So why am I siding with Marvel here? Because Fawcett never would have gone out of business in the first place if DC hadn't sued them into oblivion. DC claimed that Captain Marvel was too similar to Superman, which is in my opinion outright bullcrap considering how many bazillions of comic characters are just as similar or more similar to Superman than Captain Marvel. The difference, of course, is that Captain Marvel was the only one actually more popular. So DC used their massive financial might to tie up Fawcett in litigation that dragged on for a decade or more and eventually caused the company to go bankrupt. And what did they do at the end? After strongarming Fawcett and Captain Marvel's creators out of the industry, they metaphorically pissed on the corpse by then buying the rights to Captain Marvel from them after the fact.

So from my point of view, anything Marvel can do with their own Captain Marvel is more than fair game; it's karmic retribution. Granted, all this stuff happened over 40 years ago at this point, so the people actually involved are almost all dead, but it still was a dirty, underhanded thing DC did and if Stan the Man can get even a soupcon of revenge out of it, good for him.

The Black Mask/Red skull thing, on the other hand, just seems like a lack of creativity. Dudes with skull faces aren't unique, though this is taking it a bit far in terms of how the artists actually depict him. But overall, while I don't think it's a big deal, by default it has to be the more egregious of the two. Advantage: Marvel Comics.

What did you think of Zombieland? -- Chesley

Hey, thanks for the question, Chesley. Zombieland is, of course, a current popular film about a bunch of post-apocalyptic survivors who congregate in an amusement park to escape zombies. My personal reaction to it is, I think, probably specific only to me. As you probably all know, I am currently working on busting into the comic industry and as part of that effort I am trying to develop stories in a wide variety of genres. Now, I don't really care for horror in general or zombies in particular, but I figured I might as well give it a crack, and after some effort I came up with a zombie story I liked okay and that I decided to title "Zombieland". Now, the story itself bears no resemblance to the movie, but I was still a bit irritated when I found out about the movie since I don't have another good title for it.

Of course, I don't think that's what you were asking. As I mentioned, though, I don't really care for zombies, so I haven't seen the movie. But on the third hand, we just discovered yesterday that you don't need to actually see a movie in order to review it, so since I have seen the trailer for Zombieland I will give my opinion: it looks funny enough, I guess, though I have a feeling it doesn't really live up to whatever potential this high concept might actually have. Because of that, the best I can give this trailer is a C+.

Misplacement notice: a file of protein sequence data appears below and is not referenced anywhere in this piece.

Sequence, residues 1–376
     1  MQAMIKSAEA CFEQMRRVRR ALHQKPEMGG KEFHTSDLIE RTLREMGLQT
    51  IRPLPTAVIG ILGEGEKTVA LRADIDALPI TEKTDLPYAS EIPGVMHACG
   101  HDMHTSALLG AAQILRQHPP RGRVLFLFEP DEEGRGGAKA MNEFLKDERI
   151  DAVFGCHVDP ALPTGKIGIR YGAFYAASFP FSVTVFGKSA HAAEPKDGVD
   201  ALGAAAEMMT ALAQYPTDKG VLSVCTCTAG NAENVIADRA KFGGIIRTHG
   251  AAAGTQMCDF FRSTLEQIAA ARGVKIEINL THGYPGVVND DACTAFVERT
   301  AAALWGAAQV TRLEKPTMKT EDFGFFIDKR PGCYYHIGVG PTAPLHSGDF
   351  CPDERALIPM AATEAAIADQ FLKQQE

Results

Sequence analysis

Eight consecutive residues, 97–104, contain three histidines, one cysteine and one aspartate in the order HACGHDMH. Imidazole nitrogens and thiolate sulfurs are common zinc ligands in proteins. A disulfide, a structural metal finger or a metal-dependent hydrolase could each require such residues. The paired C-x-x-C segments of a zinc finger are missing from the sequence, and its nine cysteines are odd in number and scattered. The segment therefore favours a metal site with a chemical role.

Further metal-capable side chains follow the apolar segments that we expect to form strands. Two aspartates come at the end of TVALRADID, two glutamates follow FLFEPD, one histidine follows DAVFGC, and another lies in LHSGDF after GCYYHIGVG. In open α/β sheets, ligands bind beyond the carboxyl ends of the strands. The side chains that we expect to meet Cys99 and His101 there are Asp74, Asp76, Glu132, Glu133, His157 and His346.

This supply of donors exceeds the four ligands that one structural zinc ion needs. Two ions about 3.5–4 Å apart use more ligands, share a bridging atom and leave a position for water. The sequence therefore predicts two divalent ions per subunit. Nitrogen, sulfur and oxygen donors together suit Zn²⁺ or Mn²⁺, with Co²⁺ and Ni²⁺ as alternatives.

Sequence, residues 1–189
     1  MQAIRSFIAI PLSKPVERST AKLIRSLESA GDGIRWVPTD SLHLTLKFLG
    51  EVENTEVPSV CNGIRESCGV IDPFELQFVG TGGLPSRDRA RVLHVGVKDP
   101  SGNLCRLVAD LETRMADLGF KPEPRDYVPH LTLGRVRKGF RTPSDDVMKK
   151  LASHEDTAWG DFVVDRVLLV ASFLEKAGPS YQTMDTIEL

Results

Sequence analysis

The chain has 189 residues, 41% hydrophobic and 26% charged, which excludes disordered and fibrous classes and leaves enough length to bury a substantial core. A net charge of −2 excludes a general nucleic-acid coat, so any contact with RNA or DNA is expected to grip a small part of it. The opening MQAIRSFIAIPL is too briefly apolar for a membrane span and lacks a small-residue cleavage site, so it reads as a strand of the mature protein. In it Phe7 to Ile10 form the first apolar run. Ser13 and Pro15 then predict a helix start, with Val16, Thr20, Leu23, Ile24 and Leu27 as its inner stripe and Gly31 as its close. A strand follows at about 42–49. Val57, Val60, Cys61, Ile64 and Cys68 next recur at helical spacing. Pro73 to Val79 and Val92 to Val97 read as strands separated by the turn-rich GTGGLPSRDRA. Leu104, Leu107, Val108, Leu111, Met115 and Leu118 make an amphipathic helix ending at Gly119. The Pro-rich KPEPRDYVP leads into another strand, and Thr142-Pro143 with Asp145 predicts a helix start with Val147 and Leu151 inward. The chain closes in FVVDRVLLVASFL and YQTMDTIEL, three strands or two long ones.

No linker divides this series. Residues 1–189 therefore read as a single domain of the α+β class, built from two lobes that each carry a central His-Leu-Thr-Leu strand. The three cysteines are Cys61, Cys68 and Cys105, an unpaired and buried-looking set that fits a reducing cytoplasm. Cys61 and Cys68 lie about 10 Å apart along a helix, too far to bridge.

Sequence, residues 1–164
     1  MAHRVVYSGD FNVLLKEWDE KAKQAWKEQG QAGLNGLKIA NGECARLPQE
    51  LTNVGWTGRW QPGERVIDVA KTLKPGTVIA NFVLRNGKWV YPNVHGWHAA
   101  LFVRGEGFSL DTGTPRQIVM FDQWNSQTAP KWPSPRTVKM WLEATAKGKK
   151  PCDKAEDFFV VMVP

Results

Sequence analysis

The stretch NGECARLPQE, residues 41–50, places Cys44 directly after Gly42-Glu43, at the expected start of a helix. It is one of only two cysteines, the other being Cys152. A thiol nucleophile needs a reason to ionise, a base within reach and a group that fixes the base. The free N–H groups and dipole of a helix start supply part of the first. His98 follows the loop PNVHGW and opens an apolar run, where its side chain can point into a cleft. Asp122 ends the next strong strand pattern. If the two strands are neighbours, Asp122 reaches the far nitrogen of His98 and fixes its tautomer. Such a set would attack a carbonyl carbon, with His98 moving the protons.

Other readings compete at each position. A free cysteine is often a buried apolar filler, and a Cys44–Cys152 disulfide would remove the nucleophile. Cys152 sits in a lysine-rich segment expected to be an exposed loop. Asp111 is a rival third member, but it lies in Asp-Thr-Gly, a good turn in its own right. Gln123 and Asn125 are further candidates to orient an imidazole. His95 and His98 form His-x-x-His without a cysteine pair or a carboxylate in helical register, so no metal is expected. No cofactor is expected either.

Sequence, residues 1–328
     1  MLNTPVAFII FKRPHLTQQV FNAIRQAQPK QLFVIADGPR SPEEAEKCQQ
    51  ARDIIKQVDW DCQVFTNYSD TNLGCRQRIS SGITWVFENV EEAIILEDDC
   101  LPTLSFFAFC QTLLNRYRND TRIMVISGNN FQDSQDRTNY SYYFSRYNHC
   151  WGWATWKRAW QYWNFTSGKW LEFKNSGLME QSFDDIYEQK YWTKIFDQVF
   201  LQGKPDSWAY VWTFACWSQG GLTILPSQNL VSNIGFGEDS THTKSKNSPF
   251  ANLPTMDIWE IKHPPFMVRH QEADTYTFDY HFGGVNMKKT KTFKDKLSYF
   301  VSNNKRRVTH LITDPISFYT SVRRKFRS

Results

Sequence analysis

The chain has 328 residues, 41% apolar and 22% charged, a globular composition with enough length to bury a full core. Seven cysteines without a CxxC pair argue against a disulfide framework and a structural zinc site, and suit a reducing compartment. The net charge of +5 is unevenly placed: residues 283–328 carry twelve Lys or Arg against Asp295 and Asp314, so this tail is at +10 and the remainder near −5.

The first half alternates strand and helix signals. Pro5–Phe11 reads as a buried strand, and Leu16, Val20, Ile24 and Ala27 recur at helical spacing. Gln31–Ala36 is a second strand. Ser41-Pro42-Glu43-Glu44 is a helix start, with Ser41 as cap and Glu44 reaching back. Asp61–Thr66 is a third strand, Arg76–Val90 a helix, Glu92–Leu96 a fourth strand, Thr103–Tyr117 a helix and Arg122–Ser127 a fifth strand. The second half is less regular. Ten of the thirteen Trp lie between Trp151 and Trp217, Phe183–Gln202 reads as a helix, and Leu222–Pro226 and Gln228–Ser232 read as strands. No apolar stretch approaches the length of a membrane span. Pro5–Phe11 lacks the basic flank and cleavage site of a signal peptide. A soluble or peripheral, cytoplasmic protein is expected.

Have there ever been any comics about cheerleaders? -- Pat

Wow, that's a good question, Pat. I have to admit, I couldn't think of any off the top of my head even though it seems like there must be cheerleader comics somewhere in the world. Of course, Archie's best gal pal Betty Cooper is a cheerleader (as is Veronica, to a lesser extent), so that probably is the most obvious example of a cheerleading comic character, but I'm not sure that's quite what you meant. While there are issues of Archie that deal specifically with her cheerleading, they aren't really "cheerleader comics" per se.

There have been surprisingly few actual cheerleader comics as far as I can tell. However, my search has been somewhat hindered by what happens if you try searching for cheerleader comics. Let's just say, I don't recommend it. There are some weird people out there. I did find a comic called Cheerleaders From Hell put out about 20 years ago by Caliber Comics, but other than that I suspect that most cheerleader themed comics were "good girl", Archie style teen comedy/romances back in the late 40's and 50's. And I'd back that up with evidence if I weren't afraid of contracting a virus by looking for proof.

Okay, that's all the questions I have so far. Thanks to everyone who wrote in, and as soon as I've gathered enough brain teasers for another go-round, we'll bring you the next batch of... Answers From the Vault!

Bookmark and Share


Okay, for obvious reasons, I'm disappointed with your answer. Just watch the movie for crissakes. And no, you can't now bring up all the films you've made ME promise to watch, but haven't. Except Hellboy, because now I've finally seen it.